Every year, the health insurance premiums for my family creep up. So to help keep the costs under control, we often switch to a plan with a slightly higher deductible.
This year, that increase bumped us into the high-deductible category—$2,700 for a family, or $1,350 for an individual. That meant we could save some money in a health savings account (HSA).
I had heard of HSAs, but I thought you had to access them through an employer, like a 401(k). It wasn’t something my husband’s employer offered, and I’m self-employed. But it turns out I was wrong. Anyone who qualifies can open an HSA on their own.
The big benefit of HSAs—tax savings
HSAs can help you save on taxes in three different ways:
- You can contribute to them tax-free. “When you use an HSA through an employer, your money is put into the account on a pre-tax basis,” says Logan Allec, a CPA and owner of personal finance site Money Done Right. If you fund one on your own, you can deduct your contributions when you file your taxes.
- Your investments grow tax-free. You can invest the money in stocks or bonds or save it in an interest-bearing account, and the earnings or interest you gain from that money is not taxable, explains David Burkart, Medicare and health benefits specialist with Principium Tactical Wealth Management.
- And as long as you use the money to pay for certain medical expenses—deductibles, copayments, coinsurance, and some others, but not premiums—the withdrawals are tax-free.
This year, you can contribute up to $3,500 as an individual or $7,000 as a family. And you don’t have to spend the money—you can let it roll over and grow year to year.
“The idea behind a health savings account is to make these contributions, have them grow over the years, and then cash them out in retirement,” says Adam Beaty, a certified financial planner at Bullogic Wealth Management.
“If you have a funded HSA, you can save your medical receipts over the years and submit them in retirement to get all the money back. This allows your contributions and earnings to get exponential growth over the years,” he says.
HSAs aren’t good choices for everyone
For some people, the downsides of an HSA outweigh the savings potential.
The high deductibles and co-pays of a qualifying health insurance plan could wipe out the benefits of an HSA. Chane Steiner, financial advisor and CEO of Crediful, says, “Starting an HSA is generally a good idea if you are already enrolled in an high-deductible health plan, but that does not mean it is always smart to start the high-deductible health plan for the sake of an HSA.”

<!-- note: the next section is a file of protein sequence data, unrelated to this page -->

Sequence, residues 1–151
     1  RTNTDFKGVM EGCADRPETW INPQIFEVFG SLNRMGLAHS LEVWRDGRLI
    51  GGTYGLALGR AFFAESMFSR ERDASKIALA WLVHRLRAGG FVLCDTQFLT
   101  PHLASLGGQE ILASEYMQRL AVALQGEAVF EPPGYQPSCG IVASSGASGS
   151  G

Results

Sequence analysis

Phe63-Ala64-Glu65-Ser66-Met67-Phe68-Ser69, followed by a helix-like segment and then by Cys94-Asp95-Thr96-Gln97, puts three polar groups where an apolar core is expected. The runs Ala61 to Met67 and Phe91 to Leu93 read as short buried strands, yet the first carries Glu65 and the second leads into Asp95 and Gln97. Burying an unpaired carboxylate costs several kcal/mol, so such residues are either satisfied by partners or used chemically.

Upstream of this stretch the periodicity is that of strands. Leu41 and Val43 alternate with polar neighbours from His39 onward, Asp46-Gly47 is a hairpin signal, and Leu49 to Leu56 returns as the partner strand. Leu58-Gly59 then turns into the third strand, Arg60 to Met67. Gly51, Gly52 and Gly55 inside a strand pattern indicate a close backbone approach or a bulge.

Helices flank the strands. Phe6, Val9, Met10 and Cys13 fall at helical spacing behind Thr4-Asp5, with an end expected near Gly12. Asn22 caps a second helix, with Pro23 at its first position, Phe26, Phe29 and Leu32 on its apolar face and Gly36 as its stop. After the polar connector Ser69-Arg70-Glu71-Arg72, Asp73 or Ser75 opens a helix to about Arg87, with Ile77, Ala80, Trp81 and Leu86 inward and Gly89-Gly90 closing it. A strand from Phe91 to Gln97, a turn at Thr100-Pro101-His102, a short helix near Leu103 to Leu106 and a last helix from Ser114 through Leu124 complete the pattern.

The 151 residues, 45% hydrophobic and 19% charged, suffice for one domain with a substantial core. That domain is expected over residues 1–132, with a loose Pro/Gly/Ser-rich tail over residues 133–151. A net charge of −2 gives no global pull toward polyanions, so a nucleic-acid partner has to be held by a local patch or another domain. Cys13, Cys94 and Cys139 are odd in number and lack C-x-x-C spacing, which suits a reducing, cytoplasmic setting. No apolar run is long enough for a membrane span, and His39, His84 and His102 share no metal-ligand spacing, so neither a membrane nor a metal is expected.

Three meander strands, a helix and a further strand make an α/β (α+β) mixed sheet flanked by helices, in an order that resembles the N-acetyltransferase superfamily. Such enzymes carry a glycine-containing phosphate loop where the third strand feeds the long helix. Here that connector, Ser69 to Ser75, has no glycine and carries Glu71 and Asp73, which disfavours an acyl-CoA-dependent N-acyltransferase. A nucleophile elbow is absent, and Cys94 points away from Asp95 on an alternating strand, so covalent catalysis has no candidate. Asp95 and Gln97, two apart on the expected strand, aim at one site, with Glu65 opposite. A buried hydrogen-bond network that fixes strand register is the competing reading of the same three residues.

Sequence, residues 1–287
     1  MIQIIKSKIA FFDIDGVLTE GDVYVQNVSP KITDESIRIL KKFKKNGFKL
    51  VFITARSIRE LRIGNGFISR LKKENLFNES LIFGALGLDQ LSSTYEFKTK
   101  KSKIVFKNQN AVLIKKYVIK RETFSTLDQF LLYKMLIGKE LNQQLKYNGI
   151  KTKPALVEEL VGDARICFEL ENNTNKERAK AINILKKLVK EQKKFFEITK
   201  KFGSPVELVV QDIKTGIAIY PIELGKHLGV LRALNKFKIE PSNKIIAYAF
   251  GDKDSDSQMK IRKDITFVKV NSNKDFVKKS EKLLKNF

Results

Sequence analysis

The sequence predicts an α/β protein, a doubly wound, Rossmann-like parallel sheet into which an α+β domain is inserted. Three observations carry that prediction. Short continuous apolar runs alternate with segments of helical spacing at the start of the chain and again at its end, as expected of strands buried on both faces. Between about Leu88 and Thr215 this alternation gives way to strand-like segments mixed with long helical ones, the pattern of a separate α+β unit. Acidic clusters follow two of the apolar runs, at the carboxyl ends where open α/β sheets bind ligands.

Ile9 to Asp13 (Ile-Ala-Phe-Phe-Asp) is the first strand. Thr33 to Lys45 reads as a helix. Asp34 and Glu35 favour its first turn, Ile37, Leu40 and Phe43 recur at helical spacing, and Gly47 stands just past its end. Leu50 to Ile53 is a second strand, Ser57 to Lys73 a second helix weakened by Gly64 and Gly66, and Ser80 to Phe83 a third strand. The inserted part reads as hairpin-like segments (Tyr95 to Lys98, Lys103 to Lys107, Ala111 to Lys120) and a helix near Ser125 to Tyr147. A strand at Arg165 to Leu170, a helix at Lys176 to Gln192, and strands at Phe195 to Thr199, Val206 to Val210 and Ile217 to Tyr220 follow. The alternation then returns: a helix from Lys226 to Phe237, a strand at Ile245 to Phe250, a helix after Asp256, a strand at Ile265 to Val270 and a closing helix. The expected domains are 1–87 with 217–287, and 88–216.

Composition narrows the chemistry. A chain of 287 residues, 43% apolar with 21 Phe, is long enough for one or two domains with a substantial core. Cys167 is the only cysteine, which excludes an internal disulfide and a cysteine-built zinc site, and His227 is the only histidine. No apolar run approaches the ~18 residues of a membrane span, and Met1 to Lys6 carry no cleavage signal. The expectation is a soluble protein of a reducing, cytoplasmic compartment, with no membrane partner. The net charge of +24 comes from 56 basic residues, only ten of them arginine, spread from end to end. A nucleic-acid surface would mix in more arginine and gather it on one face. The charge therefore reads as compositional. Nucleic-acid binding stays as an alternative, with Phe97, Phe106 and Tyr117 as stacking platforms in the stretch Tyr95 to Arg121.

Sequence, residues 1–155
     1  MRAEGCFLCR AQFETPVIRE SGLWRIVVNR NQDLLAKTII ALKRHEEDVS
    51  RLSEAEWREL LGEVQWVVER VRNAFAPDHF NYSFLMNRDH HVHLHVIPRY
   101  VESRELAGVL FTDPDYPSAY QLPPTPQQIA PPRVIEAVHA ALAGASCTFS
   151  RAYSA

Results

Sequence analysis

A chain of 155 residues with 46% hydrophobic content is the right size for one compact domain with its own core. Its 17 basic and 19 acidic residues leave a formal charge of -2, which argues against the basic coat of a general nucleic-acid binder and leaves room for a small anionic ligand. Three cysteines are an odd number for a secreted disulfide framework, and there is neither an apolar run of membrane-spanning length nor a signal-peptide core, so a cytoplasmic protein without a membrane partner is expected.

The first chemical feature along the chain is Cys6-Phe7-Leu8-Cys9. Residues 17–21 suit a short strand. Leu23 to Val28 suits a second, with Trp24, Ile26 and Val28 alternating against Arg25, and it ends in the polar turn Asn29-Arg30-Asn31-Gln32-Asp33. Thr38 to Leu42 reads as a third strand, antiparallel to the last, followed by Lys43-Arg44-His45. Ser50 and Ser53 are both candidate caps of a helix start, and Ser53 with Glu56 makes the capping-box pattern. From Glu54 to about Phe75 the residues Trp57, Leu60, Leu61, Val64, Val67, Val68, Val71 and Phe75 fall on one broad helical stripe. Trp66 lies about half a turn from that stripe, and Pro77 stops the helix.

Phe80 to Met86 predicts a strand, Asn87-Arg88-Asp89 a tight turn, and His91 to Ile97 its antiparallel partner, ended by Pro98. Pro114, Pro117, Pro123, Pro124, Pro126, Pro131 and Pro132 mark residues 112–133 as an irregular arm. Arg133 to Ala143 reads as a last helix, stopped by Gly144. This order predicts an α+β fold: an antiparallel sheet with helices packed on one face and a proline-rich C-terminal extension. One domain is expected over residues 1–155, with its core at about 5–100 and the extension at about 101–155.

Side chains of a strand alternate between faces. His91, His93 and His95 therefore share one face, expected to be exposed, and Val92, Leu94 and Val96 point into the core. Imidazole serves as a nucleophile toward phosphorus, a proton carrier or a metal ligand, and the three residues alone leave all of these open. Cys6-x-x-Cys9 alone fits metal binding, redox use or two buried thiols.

You need to keep good records. With HSAs, you need to be diligent with your documentation so you can prove that you used your withdrawals for qualified expenses.
You need to be sure you’ll only need the money for medical expenses. If you use the money for non-qualifying expenses before age 65, you’ll face taxes and penalties, Burkart says.
Ken Rupert, founder and CEO of Financial Black Belt Academy, points out that after age 65, you can use the money in your HSA for any expense without paying a penalty. But you pay taxes on your withdrawals for non-medical expenses.
You need to be on solid financial footing. “While HSAs provide amazing tax benefits, for some folks, tax benefits are not the first thing on their list of financial priorities,” Allec says.
“If you have, say, $3,000 in extra cash that you’re looking to deploy in the most financially intelligent way possible, and you’re choosing between paying off high-interest credit card debt versus contributing to an HSA, I would say that you should probably pay off your credit card debt,” he says.
Medicare complicates things
As you approach the age where you’re eligible for Medicare, you’ll need to evaluate your HSA. Once you enroll in Medicare Part A or B you can’t contribute to your HSA, since you no longer have a high-deductible health plan.
“You must also wait to collect Social Security benefits,” says Burkart. That’s because when most people start collecting Social Security, they are enrolled into Part A automatically. “So if you want to keep getting the HSA contribution benefits you should delay Social Security and decline Part A of Medicare,” Burkart says.
You also need to plan ahead—you should stop contributing to an HSA seven months or more before you enroll into Medicare. “When you enroll in Part A you are entitled to receive up to six months retroactive coverage, meaning you could incur a tax penalty,” Burkart says.
You can still withdraw money to pay for medical expenses after you enroll in Medicare. Travis Price, a licensed insurance agent with I Fix Medicare, says after you retire you can use the money in your account to pay for:
- All qualifying medical costs
- Medicare advantage premiums
- Medicare prescription drug premiums
- Part B premiums
Before starting an HSA, it’s a good idea to seek professional advice. “Make sure to consult your tax professional for additional counseling on HSA contributions or withdrawals,” Burkart says.